Home Diplomatic Pouch The Swiss-Italian Architectural Touch

The Swiss-Italian Architectural Touch


By Mirko Zambelli, Minister, Embassy of Switzerland in the Netherlands.

As a newcomer to the Netherlands, I was immediately struck by Dutch architecture (in fact, it was when I first saw the Gemeentemuseum in The Hague). This got me thinking about the Swiss architectural tradition, and how Switzerland has always been fertile ground for this art form.

My country has produced several famous architects, such as Le Corbusier and, more recently, Peter Zumthor, Herzog & de Meuron and Mario Botta. It has also attracted foreign big names, such as Jean Nouvel, Renzo Piano and Daniel Liebeskind. To link our subject back to the Netherlands: did you know that the father of modern Dutch architecture, Hendrik Petrus Berlage, studied his craft at the Swiss Federal Institute of Technology (ETH) in Zurich from 1875 to 1878? And the connection continues – the Swissôtel in Amsterdam is located in a building designed by Berlage!

The Italian-speaking region I come from – Canton Ticino and partly Canton Grigioni – has greatly contributed to the Swiss architectural tradition. Even long before modern urbanization and industrial growth, Swiss Italian émigré architects, builders and craftsmen (stuccatori) were working for monasteries and courts across Europe (mainly in Italy, Germany, Austria, Poland and the Czech Republic) and into Russia, thus directly contributing to the early export of this cultural savoir-faire.

Prominent early figures also include the maestri of the late Renaissance and Baroque period in Rome. Major works by these architects include the church of San Carlo alle Quatro Fontane/San Carlino and the Re Magi chapel (by Francesco Borromini), the façade of the St. Peter’s Basilica and the church of Sant’Anna della Valle (by Carlo Maderno), and the finalization of the dome, originally designed by Michelangelo, of the St. Peter’s Basilica (by Domenico Fontana, who also erected the 327-ton obelisk in St. Peter’s Square). All three men were born in Ticino.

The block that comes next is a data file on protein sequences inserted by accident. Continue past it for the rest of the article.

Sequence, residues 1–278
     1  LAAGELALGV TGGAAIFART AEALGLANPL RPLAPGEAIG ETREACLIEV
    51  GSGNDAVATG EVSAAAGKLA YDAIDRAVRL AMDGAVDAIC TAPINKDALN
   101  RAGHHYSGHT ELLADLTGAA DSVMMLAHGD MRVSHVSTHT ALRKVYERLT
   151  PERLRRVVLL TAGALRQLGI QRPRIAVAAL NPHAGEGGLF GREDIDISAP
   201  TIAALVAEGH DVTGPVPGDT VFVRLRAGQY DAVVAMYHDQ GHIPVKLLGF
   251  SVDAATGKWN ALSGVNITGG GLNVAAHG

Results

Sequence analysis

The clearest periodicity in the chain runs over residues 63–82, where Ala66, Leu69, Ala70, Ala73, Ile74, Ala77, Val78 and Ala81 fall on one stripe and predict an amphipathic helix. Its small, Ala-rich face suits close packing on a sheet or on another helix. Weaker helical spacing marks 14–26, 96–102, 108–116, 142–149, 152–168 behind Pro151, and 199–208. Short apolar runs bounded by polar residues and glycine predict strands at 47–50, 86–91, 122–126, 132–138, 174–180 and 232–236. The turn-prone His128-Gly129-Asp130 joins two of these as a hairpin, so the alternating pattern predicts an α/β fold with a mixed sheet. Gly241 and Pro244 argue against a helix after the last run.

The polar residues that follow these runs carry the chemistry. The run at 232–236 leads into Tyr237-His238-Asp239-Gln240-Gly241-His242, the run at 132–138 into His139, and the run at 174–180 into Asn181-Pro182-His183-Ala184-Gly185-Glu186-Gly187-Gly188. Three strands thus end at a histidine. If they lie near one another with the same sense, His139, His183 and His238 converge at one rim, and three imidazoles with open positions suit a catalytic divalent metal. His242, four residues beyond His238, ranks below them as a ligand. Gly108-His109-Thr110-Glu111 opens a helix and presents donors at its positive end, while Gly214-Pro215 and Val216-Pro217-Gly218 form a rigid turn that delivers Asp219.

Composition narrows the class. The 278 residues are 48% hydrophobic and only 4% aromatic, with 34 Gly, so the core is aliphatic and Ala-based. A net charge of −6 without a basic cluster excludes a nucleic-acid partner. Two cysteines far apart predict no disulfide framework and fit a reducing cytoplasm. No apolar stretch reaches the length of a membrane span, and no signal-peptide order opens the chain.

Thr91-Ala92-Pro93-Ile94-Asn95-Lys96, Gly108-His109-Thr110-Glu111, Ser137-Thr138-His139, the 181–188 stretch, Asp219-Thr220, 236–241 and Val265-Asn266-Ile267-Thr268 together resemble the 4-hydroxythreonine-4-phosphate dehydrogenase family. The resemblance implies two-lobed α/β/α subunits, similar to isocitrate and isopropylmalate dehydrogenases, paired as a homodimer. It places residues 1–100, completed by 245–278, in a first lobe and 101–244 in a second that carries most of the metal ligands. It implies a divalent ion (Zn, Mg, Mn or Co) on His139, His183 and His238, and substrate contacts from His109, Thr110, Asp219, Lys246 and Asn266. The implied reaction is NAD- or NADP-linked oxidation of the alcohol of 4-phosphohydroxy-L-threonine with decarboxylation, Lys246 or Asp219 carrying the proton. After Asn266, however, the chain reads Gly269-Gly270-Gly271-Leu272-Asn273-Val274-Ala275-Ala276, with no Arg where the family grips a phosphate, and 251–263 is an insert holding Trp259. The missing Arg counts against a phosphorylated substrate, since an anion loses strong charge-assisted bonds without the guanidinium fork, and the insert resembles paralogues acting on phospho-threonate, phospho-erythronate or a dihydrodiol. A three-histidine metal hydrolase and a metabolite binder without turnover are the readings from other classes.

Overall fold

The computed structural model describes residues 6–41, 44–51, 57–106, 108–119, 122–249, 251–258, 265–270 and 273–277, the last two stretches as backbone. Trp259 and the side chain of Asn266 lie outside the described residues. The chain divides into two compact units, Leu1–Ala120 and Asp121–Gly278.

Another Ticino native, Domenico Trezzini, was influential in Russia, where he elaborated on the Petrine Baroque style of Russian architecture. Peter I of Russia commissioned him (among other architects) to design buildings for the new Russian capital of St. Petersburg. Among his most celebrated achievements are the Peter and Paul Fortress (including the Cathedral) and the Summer Palace. Trezzini even developed a personal relationship with the Czar, who became godfather to his son (who was, by the way, named Pietro).

Building on this long tradition, today’s “Ticino Tendency” represents a globally recognized architectural style. Perhaps its most famous representative is Mario Botta, whose masterpieces spread across at least three continents. His landmarks include the San Francisco Museum of Modern Art, the Cathedral of Evry in France, the Cymbalista Synagogue in Tel Aviv, and the Watari Museum in Tokyo. Closer to home, Botta also renovated Milan’s famous La Scala Opera House.

In 1996, Botta and Aurelio Galfetti – another famous contemporary Swiss-Italian architect – founded the Academy of Architecure in Botta’s native city of Mendrisio. This Accademia is a testimonial to the longstanding and prestigious architectural tradition from the Italian-speaking region of Switzerland, linking the venerable Renaissance and Baroque maestri with the currently vibrant Ticinese school, as well as providing a laboratory with a strong international vocation for the future.

Joining the Swiss and Dutch architectural traditions today is an agreement between the Accademia in Mendrisio and the TU Delft school of architecture, the European Mobility Program (students exchange). And finally, it is worth mentioning that another globally famous architect from Ticino (also from Mendrisio), Luigi Snozzi, designed the Stoa residence in Maastricht.



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